Using SSH Keys for Authentication

by Ken Gribble

This document may be found at:


SSH can use public key cryptography to authenticate users on remote computer systems.There are a lot of documents out now on how to use SSH keys for this purpose. Finding one that boils down the use of SSH keys is difficult, so this document hopes to provide a simple set of instructions on the use of SSH keys for authentication.

The document assumes that you have installed and are using openssh, but many other SSH clients use similar instructions.

Key Pair Generation

Generate an SSH public/private key pair on a UNIX, Linux, Mac OS X machine with the ssh-keygen command. The comment field is important because it helps identify your key to others.

The password you use to generate your key should be a very strong password.

In this example, change id_rsa_FirstnameLastname to use your First Name, and Last Name. If your name was John Doe, it would be id_rsa_JohnDoe, for example.

Here is how to generate the keys:

$ cd ~/.ssh && ssh-keygen -t rsa -b 4096 -C ’’ -f id_rsa_FirstnameLastname

This creates two keys, id_rsa_FirstnameLastname and The last key, with the prefix .pub, is a public key. This is the key you might share with a remote client.

The other key is a private key, to be kept secret and safe. Do not give this key to anyone.

When asked for your SSH key, always give the public key, the one that ends in .pub, in our example:

If the machine your key resides on is compromised, or if you suspect your key has been stolen, you should remove your compromised keys from all machines it is used on and replace it with a new key with a different strong password.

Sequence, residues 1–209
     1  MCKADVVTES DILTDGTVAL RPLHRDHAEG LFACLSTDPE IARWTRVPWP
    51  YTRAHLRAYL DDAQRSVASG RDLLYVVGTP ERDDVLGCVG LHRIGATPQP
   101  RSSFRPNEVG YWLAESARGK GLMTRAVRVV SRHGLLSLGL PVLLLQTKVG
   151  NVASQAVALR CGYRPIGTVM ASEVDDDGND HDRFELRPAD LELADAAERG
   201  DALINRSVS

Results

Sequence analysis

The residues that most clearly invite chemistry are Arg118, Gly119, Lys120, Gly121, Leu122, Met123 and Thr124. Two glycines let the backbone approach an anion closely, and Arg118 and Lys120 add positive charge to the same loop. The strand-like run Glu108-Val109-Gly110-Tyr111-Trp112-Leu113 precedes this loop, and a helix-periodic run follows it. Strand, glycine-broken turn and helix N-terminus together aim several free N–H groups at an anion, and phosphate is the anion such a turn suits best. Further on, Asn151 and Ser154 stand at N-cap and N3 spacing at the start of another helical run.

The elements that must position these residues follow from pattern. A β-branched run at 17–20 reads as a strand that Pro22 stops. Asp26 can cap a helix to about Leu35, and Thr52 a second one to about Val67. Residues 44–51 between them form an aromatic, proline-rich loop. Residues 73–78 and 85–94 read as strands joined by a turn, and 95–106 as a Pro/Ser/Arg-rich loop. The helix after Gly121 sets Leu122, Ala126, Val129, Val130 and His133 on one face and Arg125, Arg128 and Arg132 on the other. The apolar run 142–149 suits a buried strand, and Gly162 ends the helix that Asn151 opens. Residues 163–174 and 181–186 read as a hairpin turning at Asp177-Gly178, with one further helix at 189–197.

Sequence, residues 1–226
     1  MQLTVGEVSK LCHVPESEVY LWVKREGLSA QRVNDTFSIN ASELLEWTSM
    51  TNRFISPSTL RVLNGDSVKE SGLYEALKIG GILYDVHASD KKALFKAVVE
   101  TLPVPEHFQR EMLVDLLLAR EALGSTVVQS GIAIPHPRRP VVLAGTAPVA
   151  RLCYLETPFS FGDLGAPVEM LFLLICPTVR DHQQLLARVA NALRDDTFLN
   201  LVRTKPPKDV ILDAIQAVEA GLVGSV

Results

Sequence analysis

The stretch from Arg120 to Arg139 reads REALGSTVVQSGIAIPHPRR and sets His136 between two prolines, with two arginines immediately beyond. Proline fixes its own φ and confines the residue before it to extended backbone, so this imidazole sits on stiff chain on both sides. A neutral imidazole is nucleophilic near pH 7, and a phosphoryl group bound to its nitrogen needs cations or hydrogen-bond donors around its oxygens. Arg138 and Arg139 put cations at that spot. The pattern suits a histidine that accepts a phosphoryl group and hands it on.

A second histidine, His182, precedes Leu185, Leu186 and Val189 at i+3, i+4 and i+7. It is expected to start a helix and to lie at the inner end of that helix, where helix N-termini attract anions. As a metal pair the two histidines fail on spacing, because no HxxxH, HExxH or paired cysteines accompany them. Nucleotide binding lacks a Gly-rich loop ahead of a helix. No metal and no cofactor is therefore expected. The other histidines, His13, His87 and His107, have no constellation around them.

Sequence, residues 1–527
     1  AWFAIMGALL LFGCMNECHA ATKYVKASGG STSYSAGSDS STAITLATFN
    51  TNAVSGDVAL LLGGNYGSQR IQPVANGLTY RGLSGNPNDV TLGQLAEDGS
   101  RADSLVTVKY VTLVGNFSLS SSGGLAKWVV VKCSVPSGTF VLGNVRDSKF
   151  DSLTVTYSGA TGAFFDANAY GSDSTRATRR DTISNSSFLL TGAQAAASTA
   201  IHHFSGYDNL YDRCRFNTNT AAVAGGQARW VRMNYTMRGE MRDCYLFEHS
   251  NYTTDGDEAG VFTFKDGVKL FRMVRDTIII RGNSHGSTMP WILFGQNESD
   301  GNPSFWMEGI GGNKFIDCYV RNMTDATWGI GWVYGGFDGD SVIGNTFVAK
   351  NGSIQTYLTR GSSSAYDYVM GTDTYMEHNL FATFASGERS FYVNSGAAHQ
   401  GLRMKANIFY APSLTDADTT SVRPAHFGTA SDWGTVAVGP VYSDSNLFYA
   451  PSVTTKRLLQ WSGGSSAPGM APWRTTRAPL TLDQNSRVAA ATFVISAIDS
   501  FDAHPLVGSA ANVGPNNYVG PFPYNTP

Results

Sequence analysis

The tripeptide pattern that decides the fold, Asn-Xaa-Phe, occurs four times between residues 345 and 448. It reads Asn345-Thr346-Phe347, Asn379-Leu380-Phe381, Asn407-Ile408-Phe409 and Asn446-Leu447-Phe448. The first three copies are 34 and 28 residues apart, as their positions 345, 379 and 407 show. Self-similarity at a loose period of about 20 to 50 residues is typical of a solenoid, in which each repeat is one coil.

One should change the passphrase on a key once a year or so. The command to do so is:

$ ssh-keygen -p -f id_rsa_FirstnameLastname

Modify your ~/.ssh/config file

Add these lines to the bottom of your ~/.ssh/config file, or create a ~/.ssh/config file with this in it:

Host hostname

        User your_account_name


        IdentitiesOnly yes

        IdentityFile ~/.ssh/id_rsa_FirstnameLastname

Note: This document is suggesting you use a different key for each server you connect to. This way, if your keys are stolen, each key has to be broken before someone can use it. If you use a different key for each server, then your ~/.ssh/config file will need a “Host” configuration for each server you make a key for (as shown above).

Some environments require one key to identify a person on many machines, in that case you can use a wildcard in your ~/.ssh/config file, for the domains used in that environment. In this example, any machine in the domain, with any username, will try the particular key named after “IdentityFile”:

Host *

        IdentitiesOnly yes

        IdentityFile ~/.ssh/id_rsa_FirstnameLastname

Placing Keys on Remote Server

Once the public SSH key is properly placed on a remote server, the user can log in using that key and the password for that key.


If a system has the ssh-copy-id command, one can use it to place the public key on a remote server. Use this command and supply the remote server’s password:

$ ssh-copy-id -i

If ssh-copy-id isn’t available, use scp to place your new key on the remote server:

$ cat | ssh ' sh -c "cat - >>~/.ssh/authorized_keys" '

Test that the key is in place by logging into the remote server with that particular user account. You should be asked for the password of the ssh key-pair used. If you are asked for a regular password, see Troubleshooting, below.

Managing SSH Keys with ssh-agent

The ssh-agent program, which comes with openssh, holds private keys used for public key authentication. It is started in an X-session or a login session, and all other windows or programs are started as clients to the ssh-agent program.

Another tool that should be considered is Keychain. Keychain is a frontend to ssh-agent and ssh-add. It is compatible with many operating systems, including AIX, *BSD, Cygwin, MacOS X, Linux, HP/UX, Tru64 UNIX, IRIX, Solaris and GNU Hurd.

Mac OS X comes with a Keychain Access that can be used to manage SSH keys.



The best permissions for your .ssh directory and files are set so only the user can read and write:

$ chmod 700 ~/.ssh

$ chmod 600 ~/.ssh/authorized_keys

SSH debugging

Try using the ssh command line option “-v” to get verbose information about what is happening with ssh. For example:

$ ssh -v

Further Reading See Tip #3

This document may be found at: